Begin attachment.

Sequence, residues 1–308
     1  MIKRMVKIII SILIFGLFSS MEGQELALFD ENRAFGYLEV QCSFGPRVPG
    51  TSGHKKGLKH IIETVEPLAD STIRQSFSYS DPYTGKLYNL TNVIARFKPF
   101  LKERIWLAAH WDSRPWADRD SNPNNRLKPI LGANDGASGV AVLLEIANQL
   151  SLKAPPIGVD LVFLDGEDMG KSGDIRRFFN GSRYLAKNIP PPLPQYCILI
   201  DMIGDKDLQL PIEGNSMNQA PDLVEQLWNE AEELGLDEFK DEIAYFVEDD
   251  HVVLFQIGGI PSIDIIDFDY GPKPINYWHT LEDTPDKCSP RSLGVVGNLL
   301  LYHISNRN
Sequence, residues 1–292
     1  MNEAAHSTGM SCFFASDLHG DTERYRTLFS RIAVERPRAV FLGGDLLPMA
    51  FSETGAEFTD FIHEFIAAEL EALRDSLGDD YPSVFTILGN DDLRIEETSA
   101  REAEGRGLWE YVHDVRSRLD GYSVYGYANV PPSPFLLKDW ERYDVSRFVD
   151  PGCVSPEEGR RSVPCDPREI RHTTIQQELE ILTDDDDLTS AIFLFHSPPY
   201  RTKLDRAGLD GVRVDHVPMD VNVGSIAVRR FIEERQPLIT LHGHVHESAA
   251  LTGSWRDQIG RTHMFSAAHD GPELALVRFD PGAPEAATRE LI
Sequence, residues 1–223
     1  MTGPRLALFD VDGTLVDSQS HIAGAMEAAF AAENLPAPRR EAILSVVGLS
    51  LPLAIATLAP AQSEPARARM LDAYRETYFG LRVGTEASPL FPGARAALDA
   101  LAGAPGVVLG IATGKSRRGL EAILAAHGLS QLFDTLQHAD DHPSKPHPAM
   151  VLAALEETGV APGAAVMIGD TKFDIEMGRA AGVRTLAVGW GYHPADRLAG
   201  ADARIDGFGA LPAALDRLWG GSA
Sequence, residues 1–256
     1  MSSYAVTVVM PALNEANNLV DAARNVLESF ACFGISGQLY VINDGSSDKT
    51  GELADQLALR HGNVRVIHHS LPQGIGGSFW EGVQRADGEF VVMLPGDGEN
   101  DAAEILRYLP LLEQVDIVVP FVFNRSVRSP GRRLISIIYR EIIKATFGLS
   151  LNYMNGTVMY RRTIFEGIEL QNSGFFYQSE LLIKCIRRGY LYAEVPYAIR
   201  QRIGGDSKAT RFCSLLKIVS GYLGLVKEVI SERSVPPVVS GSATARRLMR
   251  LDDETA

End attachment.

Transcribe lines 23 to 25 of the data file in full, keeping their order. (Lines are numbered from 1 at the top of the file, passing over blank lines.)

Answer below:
     1  MSSYAVTVVM PALNEANNLV DAARNVLESF ACFGISGQLY VINDGSSDKT
    51  GELADQLALR HGNVRVIHHS LPQGIGGSFW EGVQRADGEF VVMLPGDGEN
   101  DAAEILRYLP LLEQVDIVVP FVFNRSVRSP GRRLISIIYR EIIKATFGLS